IGN Review of Chili Con Carnage
Chili Con Carnage may have a completely absurd name, but it fits perfectly well with the game's over-the-top style and themes. Focusing on Hollywood-esque kills where you'll flip off a wall, spin around and nail a couple headshots all in one foul swoop, the last thing the game does is take itself seriously. In this way, Chili Con Carnage manages to stand out amongst a "me too" collection of action games and offers a ride that rarely slows down.
While Chili Con Carnage features the same basic action setup as its predecessor, Total Overdose: A Gunslinger's Tale in Mexico, one important thing to note about the sequel is that it's not an open-world game like the first was. Instead, the game's progression is broken up into a number of individual missions that you can take on one by one. While it would have been nice to see the collection stuff return, this setup does work pretty well on the PSP and arguably allows for more level variety.
The game's greatest strength is the variety of ways that you're able to kill a man. When someone is in your sights and you dive in any direction, the game slows to a crawl to allow you to hone in your shots and put a bullet in his head, sometimes multiple times per leap. On top of this, you're able to use objects to perform flips and score additional points. Clearing out a room while leaping left and right and mixing in some wall jumps here or there is great fun.
Likewise, the special kills that you can pick up are both fantastic and funny. The Tornado move where you spin in a circle with Uzis firing in opposite directions is borrowed directly from Hard Boiled. The bull special where you run head-first into enemies is hilarious, and the pi¿ata move is, well, filled with candy.
While all this is great, it does get a little repetitive after a while. You'll find that you're performing the same "jump, lock-on and nail a headshot" move over and over and over again. Being as the enemies don't offer a whole lot of variety in their tactics, the battles only really change depending upon what weapons they're carrying.
The weakest point of the game however is its control scheme. As you don't have a second analog stick, you're unable to control the camera like you would in a console action game, meaning that you're almost always firing in the direction that you're moving. The biggest problem here is that you can easily become discombobulated after jumping off a wall or performing a reverse dive. Also, it's sometimes hard to target enemies when they're really close to you while they sit there and open fire on you.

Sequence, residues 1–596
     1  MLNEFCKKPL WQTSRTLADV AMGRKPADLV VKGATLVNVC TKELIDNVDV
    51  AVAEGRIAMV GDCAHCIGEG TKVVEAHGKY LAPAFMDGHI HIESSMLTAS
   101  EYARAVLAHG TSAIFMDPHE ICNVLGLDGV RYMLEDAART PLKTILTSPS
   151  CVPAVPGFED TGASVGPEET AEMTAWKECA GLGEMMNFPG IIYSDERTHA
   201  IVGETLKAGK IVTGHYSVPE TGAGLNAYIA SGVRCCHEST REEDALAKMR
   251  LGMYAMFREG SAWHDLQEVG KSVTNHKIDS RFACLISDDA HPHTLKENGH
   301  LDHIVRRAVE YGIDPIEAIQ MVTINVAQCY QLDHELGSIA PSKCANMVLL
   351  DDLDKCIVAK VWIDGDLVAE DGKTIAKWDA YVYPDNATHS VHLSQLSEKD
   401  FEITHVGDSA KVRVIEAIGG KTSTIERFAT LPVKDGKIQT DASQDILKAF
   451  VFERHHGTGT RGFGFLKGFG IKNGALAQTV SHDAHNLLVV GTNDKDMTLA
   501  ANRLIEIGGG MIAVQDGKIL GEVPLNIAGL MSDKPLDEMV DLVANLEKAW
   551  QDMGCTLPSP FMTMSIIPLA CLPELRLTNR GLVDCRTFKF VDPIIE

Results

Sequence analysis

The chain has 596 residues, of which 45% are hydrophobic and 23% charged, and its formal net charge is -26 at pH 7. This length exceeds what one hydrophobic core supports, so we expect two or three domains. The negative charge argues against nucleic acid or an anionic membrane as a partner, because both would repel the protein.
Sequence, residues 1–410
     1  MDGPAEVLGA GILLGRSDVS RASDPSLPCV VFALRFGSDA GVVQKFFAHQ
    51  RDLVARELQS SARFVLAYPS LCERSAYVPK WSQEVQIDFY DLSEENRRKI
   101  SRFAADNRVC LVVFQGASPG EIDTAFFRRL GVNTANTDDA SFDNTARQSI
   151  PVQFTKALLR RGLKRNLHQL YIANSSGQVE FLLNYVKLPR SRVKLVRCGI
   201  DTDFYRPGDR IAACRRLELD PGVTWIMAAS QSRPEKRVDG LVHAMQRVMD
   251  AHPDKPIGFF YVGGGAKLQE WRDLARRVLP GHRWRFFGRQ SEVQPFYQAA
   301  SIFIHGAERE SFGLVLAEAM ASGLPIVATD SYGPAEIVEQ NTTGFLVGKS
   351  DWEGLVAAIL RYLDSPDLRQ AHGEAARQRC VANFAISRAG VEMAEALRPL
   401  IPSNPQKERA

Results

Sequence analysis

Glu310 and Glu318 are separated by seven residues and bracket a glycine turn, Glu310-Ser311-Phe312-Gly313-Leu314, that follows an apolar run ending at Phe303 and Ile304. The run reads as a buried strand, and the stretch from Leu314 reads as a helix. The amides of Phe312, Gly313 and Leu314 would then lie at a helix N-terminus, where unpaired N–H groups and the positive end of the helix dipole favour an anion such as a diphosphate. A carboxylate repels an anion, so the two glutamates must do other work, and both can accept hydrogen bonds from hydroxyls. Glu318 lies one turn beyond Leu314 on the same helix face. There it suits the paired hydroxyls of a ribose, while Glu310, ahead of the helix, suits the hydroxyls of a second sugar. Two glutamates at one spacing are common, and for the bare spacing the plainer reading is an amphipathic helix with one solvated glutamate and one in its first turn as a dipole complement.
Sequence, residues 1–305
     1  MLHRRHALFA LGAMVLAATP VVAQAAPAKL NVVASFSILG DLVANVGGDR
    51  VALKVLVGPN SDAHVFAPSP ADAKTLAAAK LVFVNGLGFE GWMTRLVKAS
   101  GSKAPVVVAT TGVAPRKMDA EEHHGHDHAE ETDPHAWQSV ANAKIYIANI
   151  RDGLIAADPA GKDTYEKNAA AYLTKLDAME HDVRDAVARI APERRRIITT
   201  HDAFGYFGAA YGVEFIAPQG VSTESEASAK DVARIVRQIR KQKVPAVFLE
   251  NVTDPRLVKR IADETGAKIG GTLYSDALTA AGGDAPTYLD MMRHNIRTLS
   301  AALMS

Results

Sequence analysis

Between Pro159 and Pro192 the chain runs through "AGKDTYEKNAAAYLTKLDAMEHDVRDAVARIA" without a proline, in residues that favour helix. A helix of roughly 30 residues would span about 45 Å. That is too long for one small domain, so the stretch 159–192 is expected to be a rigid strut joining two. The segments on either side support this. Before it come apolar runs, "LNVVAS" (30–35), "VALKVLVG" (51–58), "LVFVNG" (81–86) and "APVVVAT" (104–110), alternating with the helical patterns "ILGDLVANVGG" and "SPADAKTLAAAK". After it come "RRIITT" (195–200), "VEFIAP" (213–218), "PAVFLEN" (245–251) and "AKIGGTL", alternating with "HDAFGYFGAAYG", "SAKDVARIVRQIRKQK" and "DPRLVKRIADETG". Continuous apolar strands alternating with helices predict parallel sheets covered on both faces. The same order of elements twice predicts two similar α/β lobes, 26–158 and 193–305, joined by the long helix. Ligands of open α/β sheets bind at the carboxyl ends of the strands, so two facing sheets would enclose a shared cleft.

While the lack of camera control does mean that there will be some frustrations here and there, it doesn't ruin the game. So long as you're able to play by its rules, meaning that you distance yourself a bit and move slowly through the levels so that you aren't surrounded, things won't be too bad and you can have a nicely enjoyable experience with the game.
Outside of the controls, there are a couple things that we wish had been addressed prior to release, mostly relating to the level design. It's sometimes hard to tell exactly where you're supposed to be going, as ladders and such that you need to take to progress are sometimes not easily noticeable.
Also, a few sections of the game rely on a bit of simplistic platforming. While this mostly only means climbing up and over boxes or jumping from ledge to ledge, these mechanics aren't implemented well. Ram is picky about exactly how high something can be before he'll climb on it, and you can't actually jump up to a ledge. And as you always dive when jumping, you can't simply hop over a ledge - you need to hope that you don't roll off the other side.
Outside of the main game, there's a fair bit of stuff to do. You can earn medals on each and every level if you can manage to score enough points, and the ability to go back and play any level whenever you want will allow gamers to try and perfect everything. Between some missions you'll find bonus sections, like Style or Survival Challenges. These missions give you relatively simplistic (but sometimes difficult) goals, and completing them unlocks new levels for the El Macho mode where you simply try and kill as many people as possible while keeping your combo running. El Macho keeps track of your high scores, which helps it work well as a competitive mode.
Chili Con Carnage has two multiplayer modes, both of which are decent for a few laughs but don't really offer a whole lot of staying power. The Fiesta mode offers Ad-Hoc play for up to four players and throws all of them into a level filled with enemies. The goal here is to rack up as many points as possible. One interesting thing is that while you're playing against each other, you're not actually in the same physical level shooting at each other, so it doesn't actually offer true head-to-head competitive play outside of a race for a score. The Hangman mode also allows for four players but works on a single system. You swap from player to player after each round and compete for the highest score. Again, it's a decent bit of fun, but it does get old rather quickly.
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